If you listen to what these people are asking you, you can better shift the solution to long term. Don’t instinctively spit out the right answer. Let them ask you. Then ask them some questions back. Listen to their responses. If listen to what their problem is, you can find out where their pain points are. Guide them through it by asking them more questions and using their responses to steer the conversation.

This is beneficial for you because you’ll start seeing less of this person for asking questions. But why? What have you started doing?

Benefiting The Person With The Questions

And now we’ve arrived at the other core point: become the human sounding board. By listening (and listening well) you can actually let other people answer their own problems. They really just need some guidance in the whole process. It’s really similar to rubber duck problem solving (from the programming world). People often come to you with questions, and they’re on the verge of arriving at the answer.

You end up conditioning people on your team (that sounds king of wrong I guess, but let’s roll with it) to think first. People won’t come to you because they know they can get a quick answer from you. It’s not like doing a search on The Internet and relying on the first result anymore. Problem solving often doesn’t have a simple instant answer so don’t teach people to use you for that.

How Can I Listen Better?

Stop talking. It’s that easy. When someone comes to you with a question, don’t interrupt them with the answer before they’re done. Shush your lips. Besides, nobody likes being interrupted. You’re also demonstrating you’re not listening if you wan to interrupt them to answer. They could throw in a curve ball at the end that completely changes the context. So… hold your horses, zip your lips, and open your ears. If you find it hard to do this, actually shut up and count to 3 before you respond. You might get some funny looks for a week or so, but you’ll be listening a lot better after that.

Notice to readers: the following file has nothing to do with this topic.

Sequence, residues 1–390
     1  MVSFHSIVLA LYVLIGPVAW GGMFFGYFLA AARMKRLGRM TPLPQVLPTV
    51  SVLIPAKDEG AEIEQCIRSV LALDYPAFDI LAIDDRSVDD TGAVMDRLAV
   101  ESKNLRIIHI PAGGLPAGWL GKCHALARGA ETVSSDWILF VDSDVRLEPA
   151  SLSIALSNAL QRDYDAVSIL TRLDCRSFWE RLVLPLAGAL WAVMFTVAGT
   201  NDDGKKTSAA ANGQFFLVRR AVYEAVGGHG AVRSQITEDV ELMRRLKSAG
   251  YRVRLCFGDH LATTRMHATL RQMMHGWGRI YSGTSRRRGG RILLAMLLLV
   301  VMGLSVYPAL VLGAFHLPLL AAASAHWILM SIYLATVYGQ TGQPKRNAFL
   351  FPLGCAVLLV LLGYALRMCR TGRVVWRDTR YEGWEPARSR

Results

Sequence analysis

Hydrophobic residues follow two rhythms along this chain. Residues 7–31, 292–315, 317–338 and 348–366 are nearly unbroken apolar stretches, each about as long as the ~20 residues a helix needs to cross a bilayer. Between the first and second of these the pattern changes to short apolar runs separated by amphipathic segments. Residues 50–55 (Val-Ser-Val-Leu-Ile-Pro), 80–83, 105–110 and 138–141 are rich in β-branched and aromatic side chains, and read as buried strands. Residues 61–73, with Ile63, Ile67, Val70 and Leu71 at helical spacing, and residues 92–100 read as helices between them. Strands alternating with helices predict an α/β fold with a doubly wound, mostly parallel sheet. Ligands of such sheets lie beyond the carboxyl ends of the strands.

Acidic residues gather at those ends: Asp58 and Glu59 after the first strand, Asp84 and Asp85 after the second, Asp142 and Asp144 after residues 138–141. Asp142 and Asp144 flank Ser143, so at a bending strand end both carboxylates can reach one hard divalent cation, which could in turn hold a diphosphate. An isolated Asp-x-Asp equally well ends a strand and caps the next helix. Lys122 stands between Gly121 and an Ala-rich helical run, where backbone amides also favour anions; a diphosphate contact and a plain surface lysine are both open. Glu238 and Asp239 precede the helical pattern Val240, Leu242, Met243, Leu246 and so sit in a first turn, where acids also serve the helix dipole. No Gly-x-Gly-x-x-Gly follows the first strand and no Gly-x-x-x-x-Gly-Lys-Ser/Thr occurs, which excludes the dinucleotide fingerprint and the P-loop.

Give your full attention to the person asking you questions. If you’re typing 3 emails, checking your facebook and twitter accounts, programming and interrupting the person asking you questions, you’re doing it wrong. When someone comes up to ask you a question, provided you aren’t in the middle of something that you can’t get away form momentarily, lock your computer. Lock it, turn to the person, and give them your full attention. You certainly aren’t listening well if you’re multi-tasking while someone is asking you questions. How do I know? Well, I guess I don’t. But I’d be confident in saying that you could listen better if you gave him or her your undivided attention. This also makes the person asking you feel more engaged. They know that you’re listening.

Reword people’s questions back to them. When someone asks you something, paraphrase it and ask it back. Confirm that what you’re hearing is what they’re asking. Why does this matter? It ensures you that you’re not misinterpreting something and it ensures him or her that you know what they are asking. It engages the person asking the question and it forces you to actually listen. It’s pretty hard to paraphrase something if you’re only hearing words and not getting any meaning from it.

Summary

By acting as a human sounding board, you:

  • Need to listen to what people are saying. Actually listen to the meaning.
  • Need to practice giving full attention.
  • Need to bite your tongue. Just. Stop. Talking.
  • Paraphrase what people ask. Boost engagement from both sides of the conversation.
  • Empower other people to make decisions better.
  • Utilize your number one information resource: your own team.

There are many benefits to listening. Start now to help yourself and help your team. You’ll see the results of this immediately. Try it out!


Why Events? Flexibility.

Background

There are many different approaches to developing software, but in my opinion, the opposite ends of the spectrum end up being:

  • Knowing how the whole system looks, feels, and operates before coding a single line.
  • Having an idea of what the user wants and coding to make it happen.